mna E mo (om. a) trib rigaib t mo teoraib rignaib R cona riglmaibli (the 
n expanded) B « d 'Erimhon B 53 Heremon DE Herimon A Erimon R 
Erimhon B r ' 4 hirrige D irrigi A irigi ER irighi B C5 an R 

51 adbath AB « -dair B »-lon E im mBaib- R Baibiloin B 

•'"con iad sin E t js B «'iad E "'an R na dlia B »-dar B «ow D 
8 « an B « Her DAE « .i. (thus written) b. deden. D .i. bliadain R 

' deidhenaigh A dedenaig E deidenaigh R deighenaigli B « 8 flaitlmsa B 


two years after he slew Darius : and in the beginning of his advance and 
of his kingdom the sons of Mil came to Spain. Five years had Alexander 
in the kingship when the sons of Mil came into Ireland, and the Battle of 
Tailltiu was fought, in which the Tuatha De Danann fell with their three 
kings and their three queens. Five years had Eremon in the kingship when 
Alexander died in Babylon : so that those are the two hundred years that 
the Tuatha De Danann were in Ireland, from the last year of the reign 
or Cambyses son of Cyrus to the completion of the lordship of the 
Assyrians and of Darius. One year Cambyses, "Tarpes" 36 years, Xerxes 
20 years, Artaxerxes 40 years, Xerxes 2 months, Sogdianus 7 months, 
Darius 19 years, "Afferus" 40 years, Artaxerxes Ochus 30, Arrius 4, 
Darius Magnus 6. Those are the 200 years save 3 years that the Tuatha 
De Danann were in Ireland. 

376. The Synchronism of the kings of the world with the Tuatha De 
Danann here. The Assyrians were in the high kingship of the world from 
Ninus s. Belus till the time of the Tuatha De Danann and afterward. 

BELOCHUS, the eighteenth king of Assyria, twenty-rive years had he 
in the kingship of the world. In the nineteenth year of his reign it is, 
that the Tuatha De Danann came into Ireland : and Nuadu Airgetlam was 
king over them after the expulsion of Bres. 

BELLEPARES thereafter, the nineteenth king of Assyria. Thirty 
years had he, and in his reign was fought the battle of Mag Tuired 
of the Fomoraig, where fell Nuadu Airgetlam and Ogma. Lugh took the 
kingship of Ireland. Death of Bres s. Elada in his time. 

LAMPRIDES thereafter, the twentieth king of Assyria. Thirty-two 
years had he. Death of Cermad son of The Dagda in his time. Death 
of Coirpre the poet in his time, and of Etan and of Cian father of Lug. 
Death of Allot and Danann in his time. 

SOSARES thereafter, the twenty-first king of Assyria. He had twenty- 
one years. Death of Lug at the hands of Mae Cuill son of Cerma.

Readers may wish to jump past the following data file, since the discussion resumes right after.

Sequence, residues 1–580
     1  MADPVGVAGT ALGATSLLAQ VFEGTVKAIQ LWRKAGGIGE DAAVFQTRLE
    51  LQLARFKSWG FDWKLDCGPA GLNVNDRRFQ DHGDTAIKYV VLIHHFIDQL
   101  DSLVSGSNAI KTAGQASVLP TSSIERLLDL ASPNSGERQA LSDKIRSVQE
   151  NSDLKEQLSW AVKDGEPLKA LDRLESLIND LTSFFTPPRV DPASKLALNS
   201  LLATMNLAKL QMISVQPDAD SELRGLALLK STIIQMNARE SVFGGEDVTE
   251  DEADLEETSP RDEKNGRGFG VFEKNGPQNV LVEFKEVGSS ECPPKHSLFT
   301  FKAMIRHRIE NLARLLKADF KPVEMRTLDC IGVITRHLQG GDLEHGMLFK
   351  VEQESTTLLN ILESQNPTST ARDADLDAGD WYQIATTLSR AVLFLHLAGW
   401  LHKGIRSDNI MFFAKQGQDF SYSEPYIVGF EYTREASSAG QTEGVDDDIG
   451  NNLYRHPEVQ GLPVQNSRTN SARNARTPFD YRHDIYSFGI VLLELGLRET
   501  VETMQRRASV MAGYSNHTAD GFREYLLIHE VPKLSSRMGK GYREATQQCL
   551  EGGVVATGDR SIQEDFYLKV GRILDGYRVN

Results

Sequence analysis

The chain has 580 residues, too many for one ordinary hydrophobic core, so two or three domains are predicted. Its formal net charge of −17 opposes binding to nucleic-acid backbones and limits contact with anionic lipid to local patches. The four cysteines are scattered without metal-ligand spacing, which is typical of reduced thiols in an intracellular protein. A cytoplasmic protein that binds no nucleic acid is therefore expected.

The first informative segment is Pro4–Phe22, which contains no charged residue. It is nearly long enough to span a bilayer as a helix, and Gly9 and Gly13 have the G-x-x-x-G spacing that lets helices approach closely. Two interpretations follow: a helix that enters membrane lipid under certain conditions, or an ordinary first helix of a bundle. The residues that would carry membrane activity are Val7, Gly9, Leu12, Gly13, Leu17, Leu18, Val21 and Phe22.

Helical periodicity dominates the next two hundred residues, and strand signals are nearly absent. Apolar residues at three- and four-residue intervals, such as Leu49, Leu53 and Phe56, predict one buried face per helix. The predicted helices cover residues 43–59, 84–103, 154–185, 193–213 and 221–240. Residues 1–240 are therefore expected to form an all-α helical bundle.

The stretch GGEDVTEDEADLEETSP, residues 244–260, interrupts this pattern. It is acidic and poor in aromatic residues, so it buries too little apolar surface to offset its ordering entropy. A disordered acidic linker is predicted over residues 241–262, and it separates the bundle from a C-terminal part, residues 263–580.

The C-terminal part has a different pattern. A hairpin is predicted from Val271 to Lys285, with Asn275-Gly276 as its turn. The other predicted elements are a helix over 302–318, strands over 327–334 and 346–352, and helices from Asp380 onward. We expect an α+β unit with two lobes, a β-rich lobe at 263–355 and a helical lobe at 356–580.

Eochaid Ollathair, i.e. The Dagda, took the kingship of Ireland. 

6S -pases DEA -pasius R -peses B 70 ca D " f orbha 'flaithiusa B 

73 Asar D Assarda E om. Assar i B ,3 en for oen A aen B 74 Tarpes DR 
Tarpeis E Tairpeis B : xxxii B ,5 In this and the following lines the 

abbreviation for bliadain, bliadna, is inserted or omitted at random in 
the MSS. 76 Xerxes DER Serseis B " Artarxerses DE, -xerxes R 

"Xerxses B ™ two letters erased here R so miss VE 81 Sogodianus A 
Sogodian DER Sodogenos B 82 mi D miss VE misa B 83 ins. -\ B : 

Dairius AERB M Afferus DAE Aeferus B ** lx VA 8C Artarxer- DER 
Ochus DER Ochi B S8 Arius Ochi B 89 Dairius RB 90 Magnus 

dittographed owing to change of page : second time Maghnus E : Mor B 
91 issiat VDE iad B 92 na B 93 om. na B 94 - 84 om. DER ro badar B 
93 ins. na neasbaig B 98 an B 97 ins. Goidil (Gaidil V) in Herind (Er- V) i 
Grecc in airdrigi an doman (in domain V) isin aimsir sin DV. 


(a) Three letters erased here. 
L.G. — VOL. IV. 


AXRISIUS iar sin, in dara rig fiehit Astir. Aen bliadain deg ar fiehit 
do. Is na aimsir adbath Creidne cerd, -\ Goibnend goba - Dian Cecht in 
liaid, ocus is na re adbath Aed mac in Dagda i Cridinbel cainti; i loscad 
Neid in Oilech Neid. 

LAMPARESS iar sin, in treas rig iichit Asur, tricha blidain do. Is na 
re ro bai Picus, primus rex Laitinus; aclit araidi robai Sadorn roime for 
Eoraip uili. Robai don Ianus fiche bliadan roime-side for Tibir. Ionicolum 
ainm in duine doridne cathair don dara leith don tsrutli ar tus in am; 
Satusina in chathair aile do rignead oc Sadurn na liagaid. Bas Manandan 
ic Uillind.(a) Bas Midi Bri Leith. Aigmenon do gabail rigi. 

PAMINIAS iar sin in ceathromad rig fichet Asur, da bliadan 
ceatlirachad do. Oengus denirisus [demersus] est in mare. Gaeidil co 
Heaspain, .i. Bratli mac Deatha, diar bo mac Breogan, i Uici i Oici i 
Mantan i Caithear. Bas In Dagda n Delbaeth do gobail rigi nErenn. 
Doluid Earcoil i Iason i tir na Colacli ar cend in croicind orda i re 
Pamin[i]us. Bas Dealbaitli iarsin, i Fiaclia mac Delbaitli do gobail rigi.